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Intertemporal choice and the magnitude effect

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  • Noor, Jawwad

Abstract

A robust finding in experiments on time preference is the magnitude effect: subjects tend to be more patient towards larger rewards. Using a calibration theorem, we argue against standard curvature-based explanations for the finding. We axiomatize a model of preferences over dated rewards that generalizes the standard exponential discounting model by permitting the discount factor to depend on the reward being discounted. The model is shown to behaviorally subsume the hyperbolic discounting model as a special case. When embedded in a sequential bargaining game the model gives rise to multiple stationary subgame perfect equilibria. There may exist equilibria in which the first mover gets a smaller share despite also being the more patient player.

Suggested Citation

  • Noor, Jawwad, 2011. "Intertemporal choice and the magnitude effect," Games and Economic Behavior, Elsevier, vol. 72(1), pages 255-270, May.
  • Handle: RePEc:eee:gamebe:v:72:y:2011:i:1:p:255-270
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    1. Manel Baucells & Franz H. Heukamp, 2012. "Probability and Time Trade-Off," Management Science, INFORMS, vol. 58(4), pages 831-842, April.
    2. Matthew Rabin, 2000. "Risk Aversion and Expected-Utility Theory: A Calibration Theorem," Econometrica, Econometric Society, vol. 68(5), pages 1281-1292, September.
    3. Fishburn, Peter C & Rubinstein, Ariel, 1982. "Time Preference," International Economic Review, Department of Economics, University of Pennsylvania and Osaka University Institute of Social and Economic Research Association, vol. 23(3), pages 677-694, October.
    4. Shane Frederick & George Loewenstein & Ted O'Donoghue, 2002. "Time Discounting and Time Preference: A Critical Review," Journal of Economic Literature, American Economic Association, vol. 40(2), pages 351-401, June.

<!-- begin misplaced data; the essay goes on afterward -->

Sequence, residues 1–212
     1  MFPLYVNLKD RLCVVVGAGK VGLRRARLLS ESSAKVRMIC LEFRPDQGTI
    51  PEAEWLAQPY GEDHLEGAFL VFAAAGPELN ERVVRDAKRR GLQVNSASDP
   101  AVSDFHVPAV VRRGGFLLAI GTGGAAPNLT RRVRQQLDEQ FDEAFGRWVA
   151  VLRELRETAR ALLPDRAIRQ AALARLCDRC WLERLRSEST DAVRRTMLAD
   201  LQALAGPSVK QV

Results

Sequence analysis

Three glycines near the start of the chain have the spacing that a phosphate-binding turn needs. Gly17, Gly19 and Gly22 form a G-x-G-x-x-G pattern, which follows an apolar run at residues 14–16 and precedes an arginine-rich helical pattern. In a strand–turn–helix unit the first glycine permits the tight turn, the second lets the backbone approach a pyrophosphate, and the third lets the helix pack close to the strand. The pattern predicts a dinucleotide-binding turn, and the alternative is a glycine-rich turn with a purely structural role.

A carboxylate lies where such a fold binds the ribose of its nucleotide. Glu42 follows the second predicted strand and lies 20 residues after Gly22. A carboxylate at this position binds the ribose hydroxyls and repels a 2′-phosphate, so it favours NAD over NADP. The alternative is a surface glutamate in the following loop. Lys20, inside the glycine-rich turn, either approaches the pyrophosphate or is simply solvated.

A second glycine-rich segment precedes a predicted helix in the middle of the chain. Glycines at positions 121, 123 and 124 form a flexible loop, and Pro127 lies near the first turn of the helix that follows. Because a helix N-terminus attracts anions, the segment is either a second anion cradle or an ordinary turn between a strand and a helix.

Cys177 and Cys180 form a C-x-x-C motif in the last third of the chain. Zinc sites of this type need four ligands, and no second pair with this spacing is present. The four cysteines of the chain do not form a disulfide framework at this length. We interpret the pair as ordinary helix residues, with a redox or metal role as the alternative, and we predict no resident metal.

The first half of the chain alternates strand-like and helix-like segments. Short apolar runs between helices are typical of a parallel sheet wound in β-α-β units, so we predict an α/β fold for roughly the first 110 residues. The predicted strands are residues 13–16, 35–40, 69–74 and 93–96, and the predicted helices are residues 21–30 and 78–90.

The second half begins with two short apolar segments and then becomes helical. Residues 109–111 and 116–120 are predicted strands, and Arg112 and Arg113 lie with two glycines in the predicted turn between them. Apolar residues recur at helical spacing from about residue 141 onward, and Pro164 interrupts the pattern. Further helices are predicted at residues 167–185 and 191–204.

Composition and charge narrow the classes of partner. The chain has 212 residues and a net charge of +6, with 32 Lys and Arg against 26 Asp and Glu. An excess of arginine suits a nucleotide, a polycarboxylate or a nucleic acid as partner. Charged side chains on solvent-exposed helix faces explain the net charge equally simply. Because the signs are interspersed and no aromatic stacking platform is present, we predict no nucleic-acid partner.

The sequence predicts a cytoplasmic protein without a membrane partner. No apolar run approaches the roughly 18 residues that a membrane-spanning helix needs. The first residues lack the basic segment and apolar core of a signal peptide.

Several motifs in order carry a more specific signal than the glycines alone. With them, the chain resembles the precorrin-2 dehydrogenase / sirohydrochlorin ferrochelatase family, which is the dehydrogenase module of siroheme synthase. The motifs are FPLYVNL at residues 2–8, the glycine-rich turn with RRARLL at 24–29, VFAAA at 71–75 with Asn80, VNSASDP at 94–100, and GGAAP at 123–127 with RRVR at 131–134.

5. George Loewenstein & Drazen Prelec, 1992. "Anomalies in Intertemporal Choice: Evidence and an Interpretation," The Quarterly Journal of Economics, Oxford University Press, vol. 107(2), pages 573-597.
    6. Thaler, Richard, 1981. "Some empirical evidence on dynamic inconsistency," Economics Letters, Elsevier, vol. 8(3), pages 201-207.
    7. Ok, Efe A. & Masatlioglu, Yusufcan, 2007. "A theory of (relative) discounting," Journal of Economic Theory, Elsevier, vol. 137(1), pages 214-245, November.
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    Cited by:

    1. Matthias Sutter & Martin G. Kocher & Daniela Glätzle-Rützler & Stefan T. Trautmann, 2013. "Impatience and Uncertainty: Experimental Decisions Predict Adolescents' Field Behavior," American Economic Review, American Economic Association, vol. 103(1), pages 510-531, February.
    2. Jinrui Pan & Craig Webb & Horst Zank, 2013. "Discounting the Subjective Present and Future," The School of Economics Discussion Paper Series 1305, Economics, The University of Manchester.
    3. Dziewulski, Pawel, 2014. "Revealed time-preference," MPRA Paper 56596, University Library of Munich, Germany.
    4. Manel Baucells & Franz H. Heukamp, 2012. "Probability and Time Trade-Off," Management Science, INFORMS, vol. 58(4), pages 831-842, April.
    5. Pan, Jinrui & Webb, Craig S. & Zank, Horst, 2015. "An extension of quasi-hyperbolic discounting to continuous time," Games and Economic Behavior, Elsevier, vol. 89(C), pages 43-55.
    6. Sebastian Schweighofer-Kodritsch, 2015. "Time Preferences and Bargaining," STICERD - Theoretical Economics Paper Series /2015/568, Suntory and Toyota International Centres for Economics and Related Disciplines, LSE.
    7. Orlando Gomes & Alexandra Ferreira-Lopes & Tiago Sequeira, 2014. "Exponential discounting bias," Journal of Economics, Springer, vol. 113(1), pages 31-57, September.

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